What is more bold and powerful is to deny society this escapism: life isn’t always destined to be happy and resolute, at least not consistently so. I am a sucker for rooting for love, investing in characters that I know aren’t real and who’s lives will never continue beyond the final page or rolling credits. If a couple doesn’t end up together, then the film is ruined and dead to me forever – I still haven’t brought myself to re-watch La La Land or attempt the film of One Day, having been scarred by the book’s ending. However, it is the humility and reality of these types of endings that help to make sense of life and resist our expectations for a world of Disney and happily-ever-after that is unrealistic. The push and pull relationship of Marianne and Connell plays to the appeal of the will-they-won’t-they fascination in pop culture and, in the middle of a global pandemic, now is the perfect time for some of that escapism. Yet, its inconclusiveness, destructive passion, turbulence, and toxicity keeps us grounded. On-off relationships are fascinating and addictive to observe, but they are also toxic for our mental wellbeing, often abusive and lacking commitment. The dysfunctionality of Marianne and Connell does not shy away from this in an exploration of the overlap between love and desire whose confusion is normal.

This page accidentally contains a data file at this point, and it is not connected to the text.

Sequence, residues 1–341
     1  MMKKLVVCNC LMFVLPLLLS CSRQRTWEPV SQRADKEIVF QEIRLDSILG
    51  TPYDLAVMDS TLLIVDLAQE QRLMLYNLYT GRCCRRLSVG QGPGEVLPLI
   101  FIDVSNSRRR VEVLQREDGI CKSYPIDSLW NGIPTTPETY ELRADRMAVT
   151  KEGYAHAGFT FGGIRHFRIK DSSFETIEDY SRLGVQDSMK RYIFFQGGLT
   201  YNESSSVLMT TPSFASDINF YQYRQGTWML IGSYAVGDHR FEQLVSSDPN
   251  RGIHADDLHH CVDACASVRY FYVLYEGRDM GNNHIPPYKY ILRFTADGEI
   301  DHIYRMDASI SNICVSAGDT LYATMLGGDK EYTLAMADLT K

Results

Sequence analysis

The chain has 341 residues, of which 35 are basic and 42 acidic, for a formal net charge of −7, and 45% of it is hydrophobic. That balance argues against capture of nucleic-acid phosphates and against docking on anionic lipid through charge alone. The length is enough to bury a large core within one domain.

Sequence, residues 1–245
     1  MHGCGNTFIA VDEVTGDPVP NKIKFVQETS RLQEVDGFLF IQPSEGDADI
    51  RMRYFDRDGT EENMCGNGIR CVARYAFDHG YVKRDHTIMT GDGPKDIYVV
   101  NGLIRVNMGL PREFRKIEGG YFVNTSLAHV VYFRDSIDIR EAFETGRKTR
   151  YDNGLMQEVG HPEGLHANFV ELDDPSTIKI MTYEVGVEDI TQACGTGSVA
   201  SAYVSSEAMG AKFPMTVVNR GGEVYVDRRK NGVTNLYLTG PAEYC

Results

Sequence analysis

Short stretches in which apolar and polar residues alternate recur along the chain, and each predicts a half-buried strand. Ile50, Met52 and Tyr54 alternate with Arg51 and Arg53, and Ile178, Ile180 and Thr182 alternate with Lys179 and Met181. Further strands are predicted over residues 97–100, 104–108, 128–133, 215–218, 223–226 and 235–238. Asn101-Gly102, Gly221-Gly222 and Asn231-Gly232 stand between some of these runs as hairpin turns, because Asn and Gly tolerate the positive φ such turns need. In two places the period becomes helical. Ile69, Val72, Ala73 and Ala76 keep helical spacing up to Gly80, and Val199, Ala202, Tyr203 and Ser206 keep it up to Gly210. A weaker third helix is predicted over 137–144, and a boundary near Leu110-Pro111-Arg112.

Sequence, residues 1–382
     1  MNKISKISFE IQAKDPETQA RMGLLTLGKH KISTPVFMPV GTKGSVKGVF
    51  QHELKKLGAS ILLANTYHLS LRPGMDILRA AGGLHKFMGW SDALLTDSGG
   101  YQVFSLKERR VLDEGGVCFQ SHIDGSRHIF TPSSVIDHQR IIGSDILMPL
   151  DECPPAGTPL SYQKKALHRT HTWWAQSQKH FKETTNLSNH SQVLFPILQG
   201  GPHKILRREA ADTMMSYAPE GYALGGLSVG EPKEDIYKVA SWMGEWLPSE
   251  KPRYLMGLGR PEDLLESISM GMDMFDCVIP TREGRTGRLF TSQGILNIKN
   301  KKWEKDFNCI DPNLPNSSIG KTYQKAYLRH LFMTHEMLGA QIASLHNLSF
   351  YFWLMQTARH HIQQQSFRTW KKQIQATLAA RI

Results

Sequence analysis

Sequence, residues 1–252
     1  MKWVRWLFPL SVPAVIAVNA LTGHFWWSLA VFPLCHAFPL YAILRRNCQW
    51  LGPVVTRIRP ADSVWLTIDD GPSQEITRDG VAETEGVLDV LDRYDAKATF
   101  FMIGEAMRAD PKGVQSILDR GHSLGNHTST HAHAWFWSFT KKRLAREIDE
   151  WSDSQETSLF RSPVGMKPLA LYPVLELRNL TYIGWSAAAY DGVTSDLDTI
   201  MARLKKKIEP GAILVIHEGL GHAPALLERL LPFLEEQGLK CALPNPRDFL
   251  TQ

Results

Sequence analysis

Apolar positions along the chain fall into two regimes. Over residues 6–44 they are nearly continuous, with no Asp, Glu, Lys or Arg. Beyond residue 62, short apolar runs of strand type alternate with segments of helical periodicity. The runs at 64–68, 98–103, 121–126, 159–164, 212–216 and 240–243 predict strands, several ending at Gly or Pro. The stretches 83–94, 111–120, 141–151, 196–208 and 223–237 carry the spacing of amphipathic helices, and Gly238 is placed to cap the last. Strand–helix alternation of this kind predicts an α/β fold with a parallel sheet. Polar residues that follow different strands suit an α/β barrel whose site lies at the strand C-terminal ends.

Normal is constantly redefining yourself in search of an identity; encountering differences based on privilege; asking for protection before sex; confusing love and lust; not knowing what to do with your life; loving someone so much that you lose who you are without them and would do anything for them. These are not always the happiest moments of life, although they are certainly some of the most real and definitely some of the least talked about. The much talked about sex scenes are such a point for discussion, not because of their sex appeal and fantasising depictions, but because of their successful escape from the male gaze. Their love is not typically romanticised as effortless and right, but accurately painful and a form of compulsive obsession with one another that is rather unhealthy, whilst also perfectly normal for a first-love experience. Love becomes a kind of social capital, straying from the classical, romantic lens we often identify it through. Marianne’s more typical privilege comes from her family’s wealth, compared to Connell being privileged to come from a loving and caring home, which she seriously lacks. It is a love of affection, though also one of advantage, with Connell offering Marianne the validation she longs for and her not requiring him to be overly emotional, which he struggles with. As they begin to grow more as individuals, Marianne sips wine over intellectual debates on Marxism or European art and Connell struggles to keep up, questioning his belonging. They are wildly different, yet share the same feeling of pain, misdirection, and undeniable sexual chemistry that always brings them back. The fact that their love for one another might not be enough in the end is excruciatingly real.